Nine nominations for nature sites in 2017 reviewed by IUCN World Heritage Panel

The International Union for the Conservation of Nature (IUCN) is reviewing nine World Heritage nominations with natural criteria, including two extensions and seven new sites, which are proposed for 2017. The IUCN World Heritage Panel gathered in December in Gland, Switzerland to consider the proposals, as part of a rigorous evaluation process which will conclude in April.

IUCN makes recommendations on whether a natural site should be inscribed on the World Heritage List or not, as the official advisory body on nature to the World Heritage Committee. A wide range of information is reviewed for this evaluation work and IUCN’s World Heritage Panel is essential to this process. Following the Panel’s meeting, IUCN will gather more information on a number of the sites proposed for listing in 2017.

IUCN’s recommendations will be issued six to four weeks ahead of UNESCO’s World Heritage Committee meeting, which takes place from 2 to 12 July in Krakow, Poland.

Proposed sites and extensions (alphabetically, by region and site):


  • Complexe W-Arly-Pendjari (extension) – proposed by Benin and Burkina Faso
  • Mole National Park – proposed by Ghana
  • Bhitarkanika Conservation Area – proposed by India
  • Landscapes of Dauria (referral) proposed by Mongolia and Russia
  • Qinghai Hoh Xil – proposed by China
  • Primeval Beech Forests of the Carpathians and Other Regions of Europe (extension) – proposed by Albania, Austria, Belgium, Bulgaria, Croatia, Italy, Romania, Slovenia, Spain and Ukraine
  • Sila National Park – proposed by Italy
  • Los Alerces National Park proposed by Argentina
  • Tehuacán-Cuicatlán Valley: originary habitat of Mesoamerica (mixed site) – proposed by Mexico

Forest sites feature among the nominations, such as Argentina’s Los Alerces National Park, which contains a forest of one of the longest-living trees on Earth. The currently named “Primeval Beech Forests of the Carpathians and Ancient Beech Forests of Germany”, which was inscribed in 2007 and extended in 2011, is proposed for further extension in 10 countries across Europe. The nominated sites also include savannah, mountains and seascapes.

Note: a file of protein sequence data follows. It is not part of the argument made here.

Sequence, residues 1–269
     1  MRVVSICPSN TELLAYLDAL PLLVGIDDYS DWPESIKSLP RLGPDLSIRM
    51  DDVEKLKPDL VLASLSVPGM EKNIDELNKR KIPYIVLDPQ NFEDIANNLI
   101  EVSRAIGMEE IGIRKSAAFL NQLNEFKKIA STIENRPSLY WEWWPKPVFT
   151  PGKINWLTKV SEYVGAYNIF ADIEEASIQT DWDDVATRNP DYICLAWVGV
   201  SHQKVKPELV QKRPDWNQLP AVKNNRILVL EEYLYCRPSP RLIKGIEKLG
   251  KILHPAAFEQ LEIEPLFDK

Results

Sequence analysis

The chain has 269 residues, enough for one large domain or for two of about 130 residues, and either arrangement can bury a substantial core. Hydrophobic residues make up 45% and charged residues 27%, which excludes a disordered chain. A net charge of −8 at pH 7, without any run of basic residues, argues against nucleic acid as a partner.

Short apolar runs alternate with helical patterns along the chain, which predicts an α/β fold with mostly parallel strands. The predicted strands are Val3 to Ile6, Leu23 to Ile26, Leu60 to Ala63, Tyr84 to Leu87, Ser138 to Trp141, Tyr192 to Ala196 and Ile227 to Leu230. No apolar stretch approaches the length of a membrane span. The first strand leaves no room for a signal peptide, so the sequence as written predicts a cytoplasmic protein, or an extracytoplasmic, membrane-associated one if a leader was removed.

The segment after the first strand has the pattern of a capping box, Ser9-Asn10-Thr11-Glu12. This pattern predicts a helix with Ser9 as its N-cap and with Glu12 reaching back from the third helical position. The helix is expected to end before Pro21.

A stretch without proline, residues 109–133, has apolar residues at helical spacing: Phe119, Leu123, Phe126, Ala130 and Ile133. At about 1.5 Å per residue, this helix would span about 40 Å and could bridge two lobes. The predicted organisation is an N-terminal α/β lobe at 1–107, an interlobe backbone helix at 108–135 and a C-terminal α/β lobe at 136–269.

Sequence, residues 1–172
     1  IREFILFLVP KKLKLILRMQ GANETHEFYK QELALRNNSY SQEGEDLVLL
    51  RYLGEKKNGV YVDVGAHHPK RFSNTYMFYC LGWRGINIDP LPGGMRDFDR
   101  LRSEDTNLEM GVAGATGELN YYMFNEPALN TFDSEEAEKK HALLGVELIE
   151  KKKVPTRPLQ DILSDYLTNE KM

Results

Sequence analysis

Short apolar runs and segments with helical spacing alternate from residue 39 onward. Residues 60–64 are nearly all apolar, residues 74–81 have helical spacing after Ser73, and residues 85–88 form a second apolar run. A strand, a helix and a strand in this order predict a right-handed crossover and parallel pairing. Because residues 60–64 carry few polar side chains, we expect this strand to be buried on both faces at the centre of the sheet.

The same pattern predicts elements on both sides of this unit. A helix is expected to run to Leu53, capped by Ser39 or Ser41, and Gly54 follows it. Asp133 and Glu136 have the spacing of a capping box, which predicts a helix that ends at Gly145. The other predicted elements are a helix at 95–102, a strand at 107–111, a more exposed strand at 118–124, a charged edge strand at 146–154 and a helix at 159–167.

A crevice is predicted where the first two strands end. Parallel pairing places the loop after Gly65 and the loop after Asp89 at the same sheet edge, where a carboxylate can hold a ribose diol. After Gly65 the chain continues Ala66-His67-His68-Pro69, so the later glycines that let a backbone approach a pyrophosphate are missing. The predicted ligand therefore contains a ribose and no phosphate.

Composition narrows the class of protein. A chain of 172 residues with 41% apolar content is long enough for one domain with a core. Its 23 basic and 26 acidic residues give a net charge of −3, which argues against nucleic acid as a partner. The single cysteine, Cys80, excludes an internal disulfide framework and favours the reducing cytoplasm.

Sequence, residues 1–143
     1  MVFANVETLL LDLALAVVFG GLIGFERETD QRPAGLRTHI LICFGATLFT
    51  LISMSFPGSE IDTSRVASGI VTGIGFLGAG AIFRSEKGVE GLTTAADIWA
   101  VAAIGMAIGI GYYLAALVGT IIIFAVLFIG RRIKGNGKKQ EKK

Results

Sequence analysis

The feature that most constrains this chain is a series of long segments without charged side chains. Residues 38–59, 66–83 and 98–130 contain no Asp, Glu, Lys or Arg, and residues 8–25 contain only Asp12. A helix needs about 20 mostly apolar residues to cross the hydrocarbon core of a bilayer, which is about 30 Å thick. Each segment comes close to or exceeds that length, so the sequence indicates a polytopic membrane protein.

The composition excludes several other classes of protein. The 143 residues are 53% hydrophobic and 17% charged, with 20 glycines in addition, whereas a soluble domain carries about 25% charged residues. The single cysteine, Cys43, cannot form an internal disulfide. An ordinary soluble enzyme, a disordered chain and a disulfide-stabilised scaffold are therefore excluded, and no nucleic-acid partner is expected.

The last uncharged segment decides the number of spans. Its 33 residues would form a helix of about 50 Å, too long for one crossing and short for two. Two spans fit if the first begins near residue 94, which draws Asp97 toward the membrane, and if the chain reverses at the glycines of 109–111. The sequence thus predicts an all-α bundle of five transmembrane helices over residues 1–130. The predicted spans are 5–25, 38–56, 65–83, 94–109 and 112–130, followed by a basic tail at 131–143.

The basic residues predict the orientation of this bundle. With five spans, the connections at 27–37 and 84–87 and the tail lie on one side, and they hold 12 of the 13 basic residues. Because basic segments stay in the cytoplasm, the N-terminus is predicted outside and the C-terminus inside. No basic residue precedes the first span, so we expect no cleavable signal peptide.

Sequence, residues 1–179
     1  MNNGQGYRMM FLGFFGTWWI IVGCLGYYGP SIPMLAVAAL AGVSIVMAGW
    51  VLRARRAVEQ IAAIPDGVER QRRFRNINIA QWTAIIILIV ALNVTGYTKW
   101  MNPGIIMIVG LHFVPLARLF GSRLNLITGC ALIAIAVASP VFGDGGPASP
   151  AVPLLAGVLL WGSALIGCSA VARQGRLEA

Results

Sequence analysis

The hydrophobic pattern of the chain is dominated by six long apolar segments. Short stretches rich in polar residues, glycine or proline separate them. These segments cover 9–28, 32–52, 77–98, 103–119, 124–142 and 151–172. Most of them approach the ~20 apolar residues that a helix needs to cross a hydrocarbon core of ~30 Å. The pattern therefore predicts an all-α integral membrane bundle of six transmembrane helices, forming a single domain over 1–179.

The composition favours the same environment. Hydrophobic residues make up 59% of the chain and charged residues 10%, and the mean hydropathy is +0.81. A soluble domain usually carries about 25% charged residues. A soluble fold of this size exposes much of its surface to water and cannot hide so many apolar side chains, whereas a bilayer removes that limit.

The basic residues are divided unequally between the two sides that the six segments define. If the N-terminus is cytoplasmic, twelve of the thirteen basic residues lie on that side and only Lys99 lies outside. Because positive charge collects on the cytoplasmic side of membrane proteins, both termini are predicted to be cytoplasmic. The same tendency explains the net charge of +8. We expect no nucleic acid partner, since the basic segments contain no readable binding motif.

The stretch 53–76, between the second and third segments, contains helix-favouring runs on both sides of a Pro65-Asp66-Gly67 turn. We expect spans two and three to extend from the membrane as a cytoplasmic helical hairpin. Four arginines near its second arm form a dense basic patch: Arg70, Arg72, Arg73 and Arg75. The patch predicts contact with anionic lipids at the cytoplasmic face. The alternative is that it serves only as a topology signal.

Nominations are proposed for inscription on the World Heritage List by states parties who have ratified the 1972 World Heritage Convention – a unique conservation instrument protecting natural and cultural heritage considered to be of ‘outstanding universal value’. As the advisory body on nature under the Convention, IUCN is responsible for evaluating all nominations containing natural criteria.

IUCN makes recommendations to the World Heritage Committee, which takes the final decisions during its annual session in July. The 41st World Heritage Committee meeting will take place in Krakow, Poland from 2 to 12 July 2017.

Evaluation process and the IUCN World Heritage Panel

The rigorous evaluation process involves field missions and desk reviews, as well as consultation at the international, regional and local level. IUCN consults widely with experts who have relevant knowledge of the sites or the natural values they represent.

The IUCN World Heritage Panel is essential to this process. It meets annually to provide technical and scientific advice to IUCN on its work on World Heritage, ensuring the highest quality of recommendations is provided to the World Heritage Committee.

The panel is composed of 12 conservation experts specialised in fields relevant to the World Heritage process, regionally and on the ground. Their collective expertise, together with the knowledge provided by independent field evaluators, covers all major technical aspects of a nomination’s evaluation.

Before a recommendation can be made by IUCN, a wide range of information is reviewed, including nomination dossiers and supporting information provided by the state party, field missions carried out by independent experts, data supplied by the UNEP World Conservation Monitoring Centre, comparative analyses and other significant material.

In line with UNESCO procedures, IUCN’s recommendations remain confidential until six to four weeks prior to the World Heritage Committee meeting and are expected to be made public by UNESCO’s World Heritage Centre circa 19 May and 2 June 2017.  

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